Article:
The following essay was written by my grandmother, Rose Ridnor. I found it humorous because I’m often precariously balanced on a ladder, in the middle of summer, trimming the dead flowers off our two lilacs in Mount Vernon, WA. And while I have the clippers, the nearby apple trees also gets a trimming.
The lilac tree was long overdue for pruning. This particular morning, after spending almost two hours pulling weeds, cutting, and cleaning up the front and side of the house, I was finally ready to begin trimming the lilac. When I as more than half done, I found I was getting terribly tired.
The burning sun had followed me all morning, making my face flush and sticky with sweat. My legs ached from leaning against the runs of the ladder, my hands were stiff from wielding the clippers. I just had to finish. Stop now and who knows when I could get back to it. So I pushed harder with the clipping and snipping to finish faster.
I was concentrating hard on lopping off a heavy branch, my mind as blank as it could get, when out of the blue, a line of words popped into my head. It was odd. I eased off a second to repeat it to myself, “I can always plant another tree, but I can never grow another me.”
Quickly, I fathomed its meaning, and for a moment was tempted to heed its message. But no, I couldn’t stop now. I had to finish.
But it kept bugging me. Why am I pushing myself? What am I out to prove? I have just so much energy, exhaust it, and I’m finished. The tree doesn’t give a darn whether I cut off its dead flowers or crowded limbs. It will just go on doing what it has to do: Grow and produce more flowers that will die, and I’ll have to cut off.
I set the clippers down, stepped off the ladder, went into the den, and plopped into a chair. I could feel the tiredness ease out of my body.
Ten minutes later, quite refreshed, I went out, put away the ladder and tools, left the sweeping to Morris [husband], and that was that! I didn’t hear one word of protest from the lilac tree.
Life is a constant weighing of the importance of one’s own self in relation to everyone, and everything else.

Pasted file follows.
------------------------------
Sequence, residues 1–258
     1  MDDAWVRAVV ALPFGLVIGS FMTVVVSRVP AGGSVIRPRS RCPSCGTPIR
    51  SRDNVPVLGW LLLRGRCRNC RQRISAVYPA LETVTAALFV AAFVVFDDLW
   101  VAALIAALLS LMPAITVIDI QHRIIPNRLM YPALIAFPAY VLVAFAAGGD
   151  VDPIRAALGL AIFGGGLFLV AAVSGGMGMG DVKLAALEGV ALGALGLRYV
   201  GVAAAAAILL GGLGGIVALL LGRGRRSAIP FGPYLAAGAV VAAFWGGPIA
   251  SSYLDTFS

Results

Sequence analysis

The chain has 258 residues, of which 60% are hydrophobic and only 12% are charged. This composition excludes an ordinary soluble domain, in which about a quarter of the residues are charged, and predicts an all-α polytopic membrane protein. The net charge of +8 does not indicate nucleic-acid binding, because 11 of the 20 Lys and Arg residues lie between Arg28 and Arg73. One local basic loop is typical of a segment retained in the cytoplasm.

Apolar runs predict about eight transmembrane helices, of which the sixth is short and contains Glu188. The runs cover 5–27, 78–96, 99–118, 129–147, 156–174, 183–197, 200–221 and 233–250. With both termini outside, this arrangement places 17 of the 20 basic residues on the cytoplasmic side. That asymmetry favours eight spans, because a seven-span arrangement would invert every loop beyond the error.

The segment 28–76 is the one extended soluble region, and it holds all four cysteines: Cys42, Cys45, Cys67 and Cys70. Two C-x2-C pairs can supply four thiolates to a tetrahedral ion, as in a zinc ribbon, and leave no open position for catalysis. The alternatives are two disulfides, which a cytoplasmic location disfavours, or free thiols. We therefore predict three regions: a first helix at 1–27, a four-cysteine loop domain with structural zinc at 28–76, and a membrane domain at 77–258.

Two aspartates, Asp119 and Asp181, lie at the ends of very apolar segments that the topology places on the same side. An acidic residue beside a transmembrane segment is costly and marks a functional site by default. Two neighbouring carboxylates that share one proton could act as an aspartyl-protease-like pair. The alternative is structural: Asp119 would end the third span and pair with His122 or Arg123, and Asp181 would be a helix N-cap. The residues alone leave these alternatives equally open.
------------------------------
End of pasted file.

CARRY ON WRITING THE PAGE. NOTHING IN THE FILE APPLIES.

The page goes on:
When Rich and I met, I was living in cute three-bedroom house in Sherwood, Oregon with a yard full of flowering bushes, spring bulbs, ornamental grasses, creeping pyracantha, and a giant rose bush, Cecile Brunner, locate in the far corner of my front yard. Once it took root, Cecile Brunner grew profusely, needing to be aggressively trimmed every year to prevent it from cascading over the sidewalk.
Year later, when we moved to Kirkland, Washington, I purchased another Cecile Brunner to commemorate our anniversary. This plant, however, wasn’t particularly healthy. I kept it in a pot, which probably contributed to its lack of vigor. Nevertheless, it finally took off, growing two or three branches, which were four to five feet in length.
In the fall, not wanting thorny rose branches stretched across the deck, Rich wielded a pair of clippers. I was devastated, believing Cecile Brunner represented our relationship, and by cutting off the branches Rich was dampening our lives together. Adding to my belief, the bush barely grew the next year.
Disappointed, I brought it to our Mount Vernon house, sticking it in the ground, and placing little faith in its survival.
I placed the same faith in the roses we transplanted from my mother’s house. She always had dozens of rose bushes. When we lived in Tarzana, California (San Fernando Valley), she’d purchase experimental roses from Jackson & Perkins. They were identified by a number on a metal tag. Occasionally, she’d learn that one of the roses was given a formal name and released to the public. One of these was French Lace, which was bred from R. Dr. A. J. Verhage and Bridal Pink™.
When she moved to Sherwood, Oregon, she dedicated the front of her house to roses and bulbs. She prided herself on keeping them trimmed, but as the years passed, they were neglected, and incorrectly pruned by numerous gardeners who haphazardly hacked off the branches. In addition, because the gardeners “raked” out the weeds, the front year turned into a mish-mash of straggly rose bushes, rampant sedum ground cover, bloomed-out bulbs, swatches of miscellaneous, unkempt plants, and bare soil.
After she moved out of her house, we tidied the yard, laid bark dust, and hoped the tenant had an interest in gardening. She didn’t, and two years later, implored us to remove the rose bushes and plant grass.
DNA to Thrive
In December, we showed up with boots, shovels, clippers, and tarps. We crudely trimmed and dug out the roses. Some we had to leave because their roots were intertwined with those of a large maple tree, which the tenant wanted cut down because of the amount of leaves it dropped in the fall.
Sliding in the mud, with rain pouring down, we dug out over a dozen full-sized roses, and around two dozen miniature roses. The latter, my mother had probably purchased from grocery stores, and plunked in the ground after they bloomed.
We had to wait a week to plant the roses, which were in horrific shape with large, gnarled bud unions (at the bottom of the main stem), hacked off branches, and ripped up roots. Like Cecile Brunner after Rich had chopped off the branches, they were essentially death row roses with little probability of surviving.
With jaded optimism, we planted the roses against the back fence of our Mount Vernon house, heavily fertilized them, trimmed out unnecessary and dead branches, and waited. As the weather warmed, little petioles started to appear on the bare branches. By spring, most of the roses – including the miniatures – were showing positive growth. In May, to my surprise, they started to bloom.